]; and third, SNRs are improved, e.g., for dynamic measurements. Here, we found that SUFICS provides signal enhancement even at large depths, which may help to enable imaging experiments in deeper cortical layers [4

4. F. Helmchen and W. Denk, “Deep tissue two-photon microscopy,” Nat. Methods 2, 932–940 (2005). [CrossRef] [PubMed]

]. SUFICS may also be combined with proposed schemes for optimization of fluorescence excitation, either in terms of fluorescence yield [27

27. G. Donnert, C. Eggeling, and S. W. Hell, “Major signal increase in fluorescence microscopy through dark-state relaxation,” Nat. Methods 4, 81–86 (2007). [CrossRef]

] or in terms of reducing photobleaching and photodamage [28

28. N. Ji, J. C. Magee, and E. Betzig, “High-speed, low-photodamage nonlinear imaging using passive pulse splitters,” Nat. Methods 5, 197–202 (2008). [CrossRef] [PubMed]

]. SUFICS may help to either compensate for signal losses associated with special excitation modes or to further reduce the excitation intensity necessary to achieve a certain signal level.

Finally, SUFICS is applicable to and may prove highly beneficial for other nonlinear imaging modalities such as second- or third-harmonic generation microscopy [2

2. J. Mertz, “Nonlinear microscopy: new techniques and applications,” Curr. Opin. Neurobiol. 14, 610–616 (2004). [CrossRef] [PubMed]

, 29

29. D. Debarre, N. Olivier, and E. Beaurepaire, “Signal epidetection in third-harmonic generation microscopy of turbid media,” Opt. Express 15, 8913–8924 (2007). [CrossRef] [PubMed]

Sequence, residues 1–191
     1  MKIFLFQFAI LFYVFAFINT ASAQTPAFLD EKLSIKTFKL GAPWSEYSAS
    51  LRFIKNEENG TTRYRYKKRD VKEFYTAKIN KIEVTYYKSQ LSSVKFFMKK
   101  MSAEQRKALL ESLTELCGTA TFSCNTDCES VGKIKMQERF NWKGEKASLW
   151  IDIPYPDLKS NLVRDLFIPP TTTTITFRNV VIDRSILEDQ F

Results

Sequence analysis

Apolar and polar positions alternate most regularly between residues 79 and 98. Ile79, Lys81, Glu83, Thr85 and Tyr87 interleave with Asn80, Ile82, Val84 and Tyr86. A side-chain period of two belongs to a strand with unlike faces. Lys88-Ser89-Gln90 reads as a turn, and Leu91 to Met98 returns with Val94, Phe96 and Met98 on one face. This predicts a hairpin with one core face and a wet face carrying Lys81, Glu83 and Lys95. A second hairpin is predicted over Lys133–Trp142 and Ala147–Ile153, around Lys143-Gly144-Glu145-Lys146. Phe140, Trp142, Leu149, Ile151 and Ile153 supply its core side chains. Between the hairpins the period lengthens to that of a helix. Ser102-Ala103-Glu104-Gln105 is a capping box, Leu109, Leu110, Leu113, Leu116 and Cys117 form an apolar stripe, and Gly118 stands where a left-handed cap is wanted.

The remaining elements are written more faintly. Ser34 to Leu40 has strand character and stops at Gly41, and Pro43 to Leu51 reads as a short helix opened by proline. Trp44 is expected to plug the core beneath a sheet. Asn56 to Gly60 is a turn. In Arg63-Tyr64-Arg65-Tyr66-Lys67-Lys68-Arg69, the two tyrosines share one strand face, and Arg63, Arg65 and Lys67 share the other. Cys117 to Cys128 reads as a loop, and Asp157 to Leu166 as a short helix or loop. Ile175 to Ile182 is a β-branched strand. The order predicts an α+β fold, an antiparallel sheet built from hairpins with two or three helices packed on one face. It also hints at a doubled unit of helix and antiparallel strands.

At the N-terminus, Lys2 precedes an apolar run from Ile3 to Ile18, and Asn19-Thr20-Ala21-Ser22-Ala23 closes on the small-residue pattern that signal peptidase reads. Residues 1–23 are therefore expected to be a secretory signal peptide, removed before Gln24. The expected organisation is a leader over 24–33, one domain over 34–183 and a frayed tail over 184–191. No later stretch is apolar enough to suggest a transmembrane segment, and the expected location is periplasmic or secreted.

] and coherent anti-Stokes Raman scattering microscopy [30

30. J. X. Cheng, Y. K. Jia, G. Zheng, and X. S. Xie, “Laser-scanning coherent anti-Stokes Raman scattering microscopy and applications to cell biology,” Biophys. J. 83, 502–509 (2002). [CrossRef] [PubMed]

]. Enhanced fluorescence collection by SUFICS will also help to gain signal in miniaturized nonlinear microscopes [13

13. B. A. Flusberg, E. D. Cocker, W. Piyawattanametha, J. C. Jung, E. L. M. Cheung, and M. J. Schnitzer, “Fiber-optic fluorescence imaging,” Nat. Methods 2, 941–950 (2005). [CrossRef] [PubMed]

, 14

14. C. J. Engelbrecht, R. S. Johnston, E. J. Seibel, and F. Helmchen, “Ultra-compact fiber-optic two-photon microscope for functional fluorescence imaging in vivo,” Opt. Express 16, 5556–5564 (2008). [CrossRef] [PubMed]

]. Overall, we envision numerous applications of SUFICS in many research fields.

5. Appendix

The problem of calculating the fraction of the photons that hit the fiber core entrance and that are also accepted and transmitted, reduces to a circle-circle intersection problem (Fig. 2(c)). For two circles with radii R1 and R2 that are laterally offset by a distance d the intersection area A is given by [31

31. E. W. Weisstein, “Circle-Circle Intersection,” http://mathworld.wolfram.com/Circle-CircleIntersection.html.

]

A(R1,R2,d)=Re{R12arccos(d2+R12R222dR1)+R22arccos(d2+R22R122dR2)12(R12(R2d)2)((R2+d)2R12)}
(9)